The coalition of 29 women and human rights organisations from around the country have published a manifesto for women and girls ahead of the 12 December election.
Campaigners say the manifesto, which builds on their “collective experience” and takes an evidence-centred position, is intended to provide a jumping off point for discussions with political candidates about how to secure gender equality and tackle problems women and girls are shouldering.
The organisations are urging political candidates to commit to properly investing in public services – as well as pulling women and children out of poverty. Research by the House of Commons library previously found women are bearing 86 per cent of the burden of austerity.
“Women’s lives have changed significantly in the last 50 years but there is still lots of work to do,” says the manifesto. “We call on candidates from across the political spectrum to adopt policies to redress the imbalances in our society that harm all women and girls, especially those who are further marginalised by race, ethnicity, class, sexual orientation or disability.”
The organisations are also asking candidates to commit to procuring the equal representation of women in politics – noting only a third of MPs were women in the outgoing parliament and just four per cent were black and minority ethnic women.
Dr Mary-Ann Stephenson, director of the UK Women’s Budget Group, argued there is a “myth” that women have managed to achieve equality but noted the facts demonstrate this is “far from true”.
She said: “Women still do more unpaid care work which means we earn less, own less and are more likely to be poor. But we can do things differently. That is why we have joined forces to set out the policies that women need at this election.”
Campaigners hope members of the electorate will use the manifesto as a basis to influence conversations they have with candidates on the doorstep or at hustings and have called on people to use the hashtag #GE2019womenandgirls to communicate their views on it.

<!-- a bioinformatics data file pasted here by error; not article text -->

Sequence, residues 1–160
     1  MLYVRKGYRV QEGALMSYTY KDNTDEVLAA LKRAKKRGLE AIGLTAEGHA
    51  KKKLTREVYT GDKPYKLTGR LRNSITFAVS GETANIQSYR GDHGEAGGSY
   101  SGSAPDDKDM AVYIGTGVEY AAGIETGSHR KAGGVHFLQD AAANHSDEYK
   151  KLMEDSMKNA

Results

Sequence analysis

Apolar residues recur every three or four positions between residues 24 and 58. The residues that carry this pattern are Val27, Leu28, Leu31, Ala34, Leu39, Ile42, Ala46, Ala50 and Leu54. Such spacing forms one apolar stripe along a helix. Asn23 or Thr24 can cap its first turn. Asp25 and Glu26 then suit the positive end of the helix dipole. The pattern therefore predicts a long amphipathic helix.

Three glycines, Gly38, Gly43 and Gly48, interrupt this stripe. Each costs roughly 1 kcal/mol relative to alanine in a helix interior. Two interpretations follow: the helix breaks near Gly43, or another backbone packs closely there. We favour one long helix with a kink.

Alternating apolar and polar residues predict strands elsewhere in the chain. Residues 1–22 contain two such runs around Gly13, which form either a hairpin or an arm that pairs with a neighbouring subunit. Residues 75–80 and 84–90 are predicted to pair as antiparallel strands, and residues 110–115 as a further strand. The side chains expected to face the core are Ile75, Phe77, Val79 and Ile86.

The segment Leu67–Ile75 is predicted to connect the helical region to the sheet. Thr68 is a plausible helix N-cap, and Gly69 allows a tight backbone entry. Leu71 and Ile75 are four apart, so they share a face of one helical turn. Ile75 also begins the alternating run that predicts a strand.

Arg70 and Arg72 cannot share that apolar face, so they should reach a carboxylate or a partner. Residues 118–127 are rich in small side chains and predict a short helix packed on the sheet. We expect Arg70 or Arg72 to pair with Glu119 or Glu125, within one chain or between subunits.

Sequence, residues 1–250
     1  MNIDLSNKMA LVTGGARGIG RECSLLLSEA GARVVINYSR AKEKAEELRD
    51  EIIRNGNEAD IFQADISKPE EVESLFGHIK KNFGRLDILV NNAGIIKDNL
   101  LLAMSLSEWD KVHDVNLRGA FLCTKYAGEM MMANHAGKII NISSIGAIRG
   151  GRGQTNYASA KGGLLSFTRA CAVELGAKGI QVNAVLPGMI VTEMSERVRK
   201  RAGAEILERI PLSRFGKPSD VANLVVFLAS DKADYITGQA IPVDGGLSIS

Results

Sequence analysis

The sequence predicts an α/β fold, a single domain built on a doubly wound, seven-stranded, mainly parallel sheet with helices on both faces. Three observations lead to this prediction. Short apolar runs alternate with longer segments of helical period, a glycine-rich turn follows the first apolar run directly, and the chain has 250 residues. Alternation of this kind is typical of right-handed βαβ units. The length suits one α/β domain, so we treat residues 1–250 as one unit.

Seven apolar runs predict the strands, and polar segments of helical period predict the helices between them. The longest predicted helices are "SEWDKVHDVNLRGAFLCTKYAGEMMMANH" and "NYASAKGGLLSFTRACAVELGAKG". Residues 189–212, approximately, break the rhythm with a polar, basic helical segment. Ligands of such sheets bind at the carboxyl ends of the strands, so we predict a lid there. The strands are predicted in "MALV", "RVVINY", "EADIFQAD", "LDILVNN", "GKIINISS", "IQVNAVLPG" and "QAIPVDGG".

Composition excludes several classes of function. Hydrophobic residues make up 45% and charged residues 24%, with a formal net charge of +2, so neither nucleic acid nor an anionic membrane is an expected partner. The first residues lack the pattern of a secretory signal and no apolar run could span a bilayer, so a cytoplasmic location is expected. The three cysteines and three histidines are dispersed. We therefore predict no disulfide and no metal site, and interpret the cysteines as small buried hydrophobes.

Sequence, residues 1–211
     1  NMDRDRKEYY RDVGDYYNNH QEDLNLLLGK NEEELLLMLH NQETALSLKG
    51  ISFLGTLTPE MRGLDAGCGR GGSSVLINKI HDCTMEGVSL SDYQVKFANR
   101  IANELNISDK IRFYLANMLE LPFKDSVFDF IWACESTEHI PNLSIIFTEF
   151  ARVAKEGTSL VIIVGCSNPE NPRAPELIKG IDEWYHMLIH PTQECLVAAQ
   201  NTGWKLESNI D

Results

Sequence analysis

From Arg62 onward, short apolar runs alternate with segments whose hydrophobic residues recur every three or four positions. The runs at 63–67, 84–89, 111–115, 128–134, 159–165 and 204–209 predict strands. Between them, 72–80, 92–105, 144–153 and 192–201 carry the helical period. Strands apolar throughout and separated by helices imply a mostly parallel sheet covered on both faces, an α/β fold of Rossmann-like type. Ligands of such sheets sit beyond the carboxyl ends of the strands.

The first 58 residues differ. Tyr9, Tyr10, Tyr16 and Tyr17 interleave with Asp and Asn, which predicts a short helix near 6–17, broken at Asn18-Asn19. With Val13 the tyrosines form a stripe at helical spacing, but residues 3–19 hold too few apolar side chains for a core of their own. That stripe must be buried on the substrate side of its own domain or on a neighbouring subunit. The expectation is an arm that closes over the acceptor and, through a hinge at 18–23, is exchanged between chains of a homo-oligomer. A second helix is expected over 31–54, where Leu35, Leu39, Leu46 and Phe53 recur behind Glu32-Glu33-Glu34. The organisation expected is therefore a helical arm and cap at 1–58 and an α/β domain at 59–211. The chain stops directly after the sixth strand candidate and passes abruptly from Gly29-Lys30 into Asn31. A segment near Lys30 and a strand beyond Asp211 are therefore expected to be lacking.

Sam Smethers, chief executive of the Fawcett Society, said: “This general election falls between 100 years since women got the right to stand in parliament and 50 years since the landmark Equal Pay Act. Yet, when women go to the polls in December, the pay gap means they will already effectively have stopped being paid for the year.
“Meanwhile violence against women is increasing, women still undertake the majority of unpaid care and, basic rights to healthcare, safety and housing are out of reach for many migrant women. At a time when women’s voices are being marginalised in politics, this election presents an opportunity for women to raise their voices in unison about the issues that are important to them.”
Fawcett Society, Young Women’s Trust, Women in Prison, Latin American Women’s Aid, Women’s Budget Group, Southall Black Sisters, the End Violence Against Women Coalition, Maternity Action and Imkaan are just some of the organisations behind the manifesto.
Pragna Patel, director of Southall Black Sisters, noted minority and migrant women face mounting obstacles to basic rights like employment, housing, health, education, welfare support, protection and justice.
She added: “We have seen the ways in which minority and migrant women have been trapped in cycles of abuse, destitution and discrimination by for example, immigration and housing and welfare benefit rules. We call on the next government to nurture a public culture of unity, equality and justice. We ask that they put into place meaningful laws and policies to turn these principles into a reality for all women and marginalised groups.”
Sarah Green, director of the End Violence Against Women Coalition, said it has never been more imperative for candidates to prioritise addressing violence against women and girls. Every week in the UK, two women are murdered by a partner or ex-partner.
Ms Green said: “We have the highest number of women losing their lives to domestic abuse for years, and we believe the collapse of rape prosecutions amounts to the effective decriminalisation of rape. The life-saving services in our communities which women rely on to access safety and support are struggling to meet demand because of persistent under-funding.”
Register for free to continue reading
Registration is a free and easy way to support our truly independent journalism
By registering, you will also enjoy limited access to Premium articles, exclusive newsletters, commenting, and virtual events with our leading journalists
Already have an account? sign in
Join our new commenting forum
Join thought-provoking conversations, follow other Independent readers and see their replies